3. Primarily a mathematical and geometric text, it begins in the preface with three axioms, Newton's Laws of Motion

        1. Inertia - bodies at rest tend to stay at rest, bodies in motion tend to stay in motion - unless acted on by an outside force

        2. Force is measured by change in motion (eventually, this will be expressed as f=ma)

        3. For every action, there is an equal and opposite reaction

      4. Further lays out the techniques of calculus (which is tricky, since his audience would never have seen calculus)

      5. Gravity

        1. Law of Universal Gravitation

          1. Shows that force governing falling bodies (worked out largely by Galileo) and force governing the orbit of the Moon were the same thing

          2. Gravity as a Universal Law of Nature

        2. Shows that this force, gravity, varies with the inverse square of distance, from which we can derive Kepler's Laws of Planetary Motion

        3. Thus Kelper's and Galileo's work can both be expressed as extensions of Newton's mechanics

      6. Hydromechanics and aerodynamics

        1. Describes the motion of bodies through a medium, as a way to dismiss Descartes' whirlpools

        2. As an aside, mentions that this could be useful to boat builders

    5. God the Clockmaker

      1. Newton believed that God could be known through His creations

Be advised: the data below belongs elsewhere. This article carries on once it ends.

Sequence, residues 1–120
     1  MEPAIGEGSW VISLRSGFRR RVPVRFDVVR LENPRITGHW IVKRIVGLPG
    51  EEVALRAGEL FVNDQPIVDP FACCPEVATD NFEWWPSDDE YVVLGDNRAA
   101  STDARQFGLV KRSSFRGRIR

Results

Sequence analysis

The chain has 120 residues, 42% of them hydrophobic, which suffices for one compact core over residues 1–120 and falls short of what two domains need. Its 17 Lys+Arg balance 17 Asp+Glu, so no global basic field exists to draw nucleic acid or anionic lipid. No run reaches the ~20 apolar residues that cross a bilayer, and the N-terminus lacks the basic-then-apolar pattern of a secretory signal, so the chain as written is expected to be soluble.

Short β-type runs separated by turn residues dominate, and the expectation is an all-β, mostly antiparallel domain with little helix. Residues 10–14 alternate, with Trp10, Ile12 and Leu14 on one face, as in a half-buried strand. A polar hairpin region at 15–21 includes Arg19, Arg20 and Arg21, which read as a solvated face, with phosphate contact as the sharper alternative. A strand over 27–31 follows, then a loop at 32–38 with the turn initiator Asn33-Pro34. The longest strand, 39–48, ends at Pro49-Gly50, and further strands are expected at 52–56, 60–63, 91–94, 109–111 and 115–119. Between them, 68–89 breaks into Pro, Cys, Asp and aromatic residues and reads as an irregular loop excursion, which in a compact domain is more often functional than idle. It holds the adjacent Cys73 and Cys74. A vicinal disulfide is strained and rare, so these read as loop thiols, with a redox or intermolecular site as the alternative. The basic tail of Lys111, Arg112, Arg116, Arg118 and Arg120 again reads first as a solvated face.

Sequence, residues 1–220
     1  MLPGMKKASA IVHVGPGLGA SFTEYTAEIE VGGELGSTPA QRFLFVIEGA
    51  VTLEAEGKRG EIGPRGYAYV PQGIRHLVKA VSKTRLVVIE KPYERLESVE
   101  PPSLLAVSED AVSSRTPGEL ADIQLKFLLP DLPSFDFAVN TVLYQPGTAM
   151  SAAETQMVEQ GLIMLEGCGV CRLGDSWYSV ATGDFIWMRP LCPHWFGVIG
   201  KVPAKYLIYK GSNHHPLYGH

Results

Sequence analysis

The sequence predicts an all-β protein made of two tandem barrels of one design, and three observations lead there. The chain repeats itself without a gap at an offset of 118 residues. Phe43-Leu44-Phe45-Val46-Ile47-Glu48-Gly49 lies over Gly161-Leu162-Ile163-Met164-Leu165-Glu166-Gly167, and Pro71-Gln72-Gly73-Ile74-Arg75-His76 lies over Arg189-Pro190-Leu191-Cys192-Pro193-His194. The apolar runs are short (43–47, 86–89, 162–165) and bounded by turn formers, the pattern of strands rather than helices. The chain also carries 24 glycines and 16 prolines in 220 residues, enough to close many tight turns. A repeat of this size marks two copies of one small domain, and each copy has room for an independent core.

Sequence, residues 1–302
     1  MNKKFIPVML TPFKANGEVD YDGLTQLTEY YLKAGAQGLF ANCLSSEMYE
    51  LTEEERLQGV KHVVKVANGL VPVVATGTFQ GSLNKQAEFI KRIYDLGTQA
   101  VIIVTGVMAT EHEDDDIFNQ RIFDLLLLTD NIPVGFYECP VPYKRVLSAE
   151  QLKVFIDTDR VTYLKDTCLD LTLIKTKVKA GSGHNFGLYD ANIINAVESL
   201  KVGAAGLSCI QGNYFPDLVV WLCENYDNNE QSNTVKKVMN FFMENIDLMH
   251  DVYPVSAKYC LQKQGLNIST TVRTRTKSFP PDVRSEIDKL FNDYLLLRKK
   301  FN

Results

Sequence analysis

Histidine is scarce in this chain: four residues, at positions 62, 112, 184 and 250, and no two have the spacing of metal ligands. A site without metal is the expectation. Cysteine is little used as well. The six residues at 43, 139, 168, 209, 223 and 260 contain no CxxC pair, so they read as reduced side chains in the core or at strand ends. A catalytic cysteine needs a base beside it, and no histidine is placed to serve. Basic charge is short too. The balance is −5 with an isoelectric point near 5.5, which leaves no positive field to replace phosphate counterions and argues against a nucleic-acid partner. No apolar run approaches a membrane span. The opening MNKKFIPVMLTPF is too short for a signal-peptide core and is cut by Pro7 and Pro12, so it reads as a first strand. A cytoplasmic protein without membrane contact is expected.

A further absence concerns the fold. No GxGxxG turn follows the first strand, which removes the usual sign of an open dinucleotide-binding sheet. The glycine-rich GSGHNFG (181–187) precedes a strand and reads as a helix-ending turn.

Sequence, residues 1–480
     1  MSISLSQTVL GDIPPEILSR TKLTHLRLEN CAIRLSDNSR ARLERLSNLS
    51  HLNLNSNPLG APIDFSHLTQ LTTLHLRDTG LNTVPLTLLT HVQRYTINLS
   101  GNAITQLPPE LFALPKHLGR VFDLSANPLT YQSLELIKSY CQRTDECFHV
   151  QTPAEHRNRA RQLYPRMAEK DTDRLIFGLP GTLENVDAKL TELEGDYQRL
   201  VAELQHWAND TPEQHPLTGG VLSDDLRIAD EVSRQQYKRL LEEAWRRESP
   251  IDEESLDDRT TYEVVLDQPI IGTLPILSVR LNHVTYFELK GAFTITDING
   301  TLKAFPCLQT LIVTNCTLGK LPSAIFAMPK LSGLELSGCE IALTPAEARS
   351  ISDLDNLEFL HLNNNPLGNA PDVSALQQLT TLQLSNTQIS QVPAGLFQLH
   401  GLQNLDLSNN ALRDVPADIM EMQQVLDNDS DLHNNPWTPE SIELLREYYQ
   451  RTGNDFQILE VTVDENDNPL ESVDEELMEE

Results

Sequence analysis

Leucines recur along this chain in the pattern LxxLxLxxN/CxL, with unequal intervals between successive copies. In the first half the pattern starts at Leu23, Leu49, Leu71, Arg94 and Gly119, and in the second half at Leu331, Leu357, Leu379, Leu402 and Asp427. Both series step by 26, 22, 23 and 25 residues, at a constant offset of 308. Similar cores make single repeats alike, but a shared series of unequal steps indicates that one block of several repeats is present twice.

2. In 1713 edition of Principia Proposes God the Clockmaker - God as the designer of a mechanical universe founded on natural laws

      3. This will become an important image for Enlightenment thinkers

    6. Later Career and Social Climb

      1. In 1693, suffered some kind of mental breakdown, perhaps severe depression, retreats once again

      2. However, in the Glorious Revolution, his staunch anti-Catholicism led him to public support William and Mary and overthrow of James II

      3. Leads to him becoming first warden (1696) and then master (1699) of the Royal Mint, where he remained until death

        1. Demonstrates how scientists were becoming civil servants, valuable experts for the bureaucracy

        2. Government, not the universities, serve as a principle center of development in lat 17th, early 18th century Europe

      4. Becomes President of the Royal Academy in 1703, holds that position till death

        1.  Uses position to try to quash Leibniz's claim to origination of calculus

        2. Ironically, modern mathematics uses Leibniz's notation as opposed to Newton's more cumbersome system

      5. Knighted in 1705